In the soils under eucalyptus the presence of active irrigation to the soil microbiota favors the decomposition of the most labile compounds and fine roots and entails a probable positive “priming effect”, which may be contributing to the lower TOC stocks (Fontaine et al., 2003) in surface and CI treatments. During the decomposition process, the microorganisms use the C in their metabolism and the excess can be released by respiration in the CO2 form (Vishwakarma et al., 2006).

For the soils under eucalyptus that did not receive irrigation, the largest TOC stocks are probably due to the investment in a deeper root system and a higher root/aerial part due to the need to exploit a larger soil volume to capture water. Reis et al. (1985) observed for Eucalyptus grandis that the root biomass accumulation was higher in a site of poorer quality (soil under water deficit) in relation to another of better quality (without water deficit). They also verified that in a condition of less availability of water and nutrients the trees tend to increase the C partition in the roots in order to increase their water acquisition surface.

The quantification of TOC stocks does not provide values that extrapolate for different management situations, sites, climates and soils (Nicoloso et al., 2008), which makes it necessary to divide into more sensitive compartments, such as Labile-C and Non-labile-C. The largest Non-labile-C contribution to the soil TOC profile (0-100 cm) was probably due to two reasons: 1) Organo-mineral interactions that provide chemical protection to the TOC, since it refers to a well-developed Oxisol with clay content, high Fe and Al oxides; 2) The higher soil C:N ratio observed under eucalyptus in the deeper layers, predominantly a more recalcitrant C, which decomposition is difficult.

When the 0-10 cm soil layer is considered, the Cerrado sowed the largest Labile-C and TN stocks. This is due to the diversity and quality of the material contributed, once the composition of the Cerrado is given by an herbaceous stratum that coexists with sparse shrubs and trees, besides having grasses and species with lower C:N ratios in their composition, unlike the homogeneous material of eucalyptus crops. However, the soil under irrigated eucalyptus that received potential fertilization presented expressive values of TN stocks in the subsurface soil layers, explained by: 1) N leached in the soil profile through irrigation water may have interacted with soil TOC and rhizodeposition providing greater stabilization of C and N in the soil profile (Dijkstra et al., 2004). The higher amounts of N absorbed by eucalyptus plants, due to their high efficiency, increased the root biomass production allowing C and N stocks at higher soil depths (Stape et al., 2004).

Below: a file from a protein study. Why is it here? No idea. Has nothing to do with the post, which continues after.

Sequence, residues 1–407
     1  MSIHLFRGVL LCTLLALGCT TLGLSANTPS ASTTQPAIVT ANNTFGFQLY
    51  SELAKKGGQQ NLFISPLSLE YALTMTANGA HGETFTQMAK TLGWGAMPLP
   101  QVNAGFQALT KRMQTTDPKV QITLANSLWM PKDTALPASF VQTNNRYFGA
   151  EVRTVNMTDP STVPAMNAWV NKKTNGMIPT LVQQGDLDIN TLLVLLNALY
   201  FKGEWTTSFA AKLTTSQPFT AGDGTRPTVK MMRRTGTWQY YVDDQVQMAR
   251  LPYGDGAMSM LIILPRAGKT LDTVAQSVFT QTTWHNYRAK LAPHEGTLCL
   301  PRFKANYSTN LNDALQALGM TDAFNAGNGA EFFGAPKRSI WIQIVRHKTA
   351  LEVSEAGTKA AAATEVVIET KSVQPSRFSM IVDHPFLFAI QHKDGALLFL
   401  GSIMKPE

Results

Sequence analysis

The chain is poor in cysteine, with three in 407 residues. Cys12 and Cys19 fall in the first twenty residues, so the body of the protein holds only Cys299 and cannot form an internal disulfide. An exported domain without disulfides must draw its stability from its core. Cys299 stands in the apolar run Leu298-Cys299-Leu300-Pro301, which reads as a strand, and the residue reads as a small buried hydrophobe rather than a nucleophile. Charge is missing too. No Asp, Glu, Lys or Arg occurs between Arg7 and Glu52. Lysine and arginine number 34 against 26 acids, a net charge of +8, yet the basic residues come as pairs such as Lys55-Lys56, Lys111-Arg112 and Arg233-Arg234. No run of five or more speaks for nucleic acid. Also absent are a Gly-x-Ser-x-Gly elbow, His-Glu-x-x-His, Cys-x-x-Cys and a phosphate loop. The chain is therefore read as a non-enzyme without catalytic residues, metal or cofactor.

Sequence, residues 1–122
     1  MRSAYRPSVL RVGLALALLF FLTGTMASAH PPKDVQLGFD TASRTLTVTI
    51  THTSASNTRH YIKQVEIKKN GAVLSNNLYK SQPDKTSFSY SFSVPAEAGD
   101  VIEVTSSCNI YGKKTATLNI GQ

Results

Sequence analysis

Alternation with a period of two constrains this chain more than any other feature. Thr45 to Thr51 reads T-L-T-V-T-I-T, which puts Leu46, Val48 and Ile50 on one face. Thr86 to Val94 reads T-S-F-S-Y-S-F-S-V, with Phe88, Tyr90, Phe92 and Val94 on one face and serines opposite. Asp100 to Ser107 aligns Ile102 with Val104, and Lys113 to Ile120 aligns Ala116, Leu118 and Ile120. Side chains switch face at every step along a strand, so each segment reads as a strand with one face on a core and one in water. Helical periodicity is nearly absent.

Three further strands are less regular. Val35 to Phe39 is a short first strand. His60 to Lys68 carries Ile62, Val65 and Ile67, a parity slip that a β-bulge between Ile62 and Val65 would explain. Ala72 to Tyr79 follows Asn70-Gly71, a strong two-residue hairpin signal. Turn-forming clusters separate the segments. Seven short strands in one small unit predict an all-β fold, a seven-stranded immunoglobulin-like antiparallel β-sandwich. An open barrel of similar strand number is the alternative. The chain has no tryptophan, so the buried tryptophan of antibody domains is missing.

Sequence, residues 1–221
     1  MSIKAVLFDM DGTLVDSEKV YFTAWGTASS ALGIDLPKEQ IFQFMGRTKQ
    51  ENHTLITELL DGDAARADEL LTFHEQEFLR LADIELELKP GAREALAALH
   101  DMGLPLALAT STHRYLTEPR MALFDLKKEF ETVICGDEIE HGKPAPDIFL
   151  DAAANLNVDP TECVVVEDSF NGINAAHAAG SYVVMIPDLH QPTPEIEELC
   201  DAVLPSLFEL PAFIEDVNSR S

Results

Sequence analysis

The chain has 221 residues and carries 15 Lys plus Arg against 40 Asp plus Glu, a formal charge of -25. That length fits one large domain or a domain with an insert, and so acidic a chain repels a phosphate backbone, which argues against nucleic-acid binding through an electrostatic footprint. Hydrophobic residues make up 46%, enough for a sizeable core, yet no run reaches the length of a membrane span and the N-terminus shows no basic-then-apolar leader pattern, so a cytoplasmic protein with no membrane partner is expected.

The lower TN and larger TOC stocks in the 60-100 cm layer observed that soils under eucalyptus receiving conventional fertilization (independent of irrigation) provided a higher C:N ratio. This higher C:N (37.50 and 28.70) stoichiometry with the O2 limitation in depth gives CI and CN a more recalcitrant C and less accessible to the microbial action, favoring the soil C accumulation (Lamparter et al., 2009). In the current study, for soils under eucalyptus that received potential fertilization (irrespective of irrigation) N is probably carried (as previously mentioned) to the deeper layers of the soil and promotes a lower C:N ratio.

4.3. Carbon Management Index (CMI)

CMI is used as an indicator of the impact of land use and management practices on soil C levels and quality. The soil surface layer, the Cerrado stratum, for reasons already discussed, favors the best quality of the COS (Portugal et al., 2008). However, when the soil profile is considered as a whole, eucalyptus cultivation recovers the SOC quality as it provides greater soil C stocks in the deeper layers. This probably has a more developed root system that favors the soil exploration in depths where the action of the microorganisms is restricted favoring the C accumulation. In addition, the cultivation of eucalyptus contributes to large amounts of litter fall to the soil and provides lower emissions of gases to the atmosphere.

5. CONCLUSIONS

After 7 years of eucalyptus cultivation, water availability (irrigation management) had a higher effect on soil C stocks (profile 1 m) in relation to nutrient availability (fertilization).

Eucalyptus soils (after 7 years of different fertilization and irrigation managements) were more efficient in C stocks in depth (profile 1 m) in relation to the native Cerrado, acting as a liquid drain of CO2 and CH4 of the atmosphere.

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FINANCIAL SUPPORT Conselho Nacional de Desenvolvimento Científico e Tecnológico (CNPq), Coordenação de Aperfeiçoamento de Pessoal de Nível Superior (Capes), Vallourec Florestal.

Received: June 02, 2017; Accepted: November 24, 2018

CORRESPONDENCE TO Ricardo Fialho Universidade Federal de Viçosa (UFV) Av. Peter Henry Rolfs, s/n, CEP 36570-000, Viçosa, MG, Brasil e-mail: ricardocfialho@gmail.com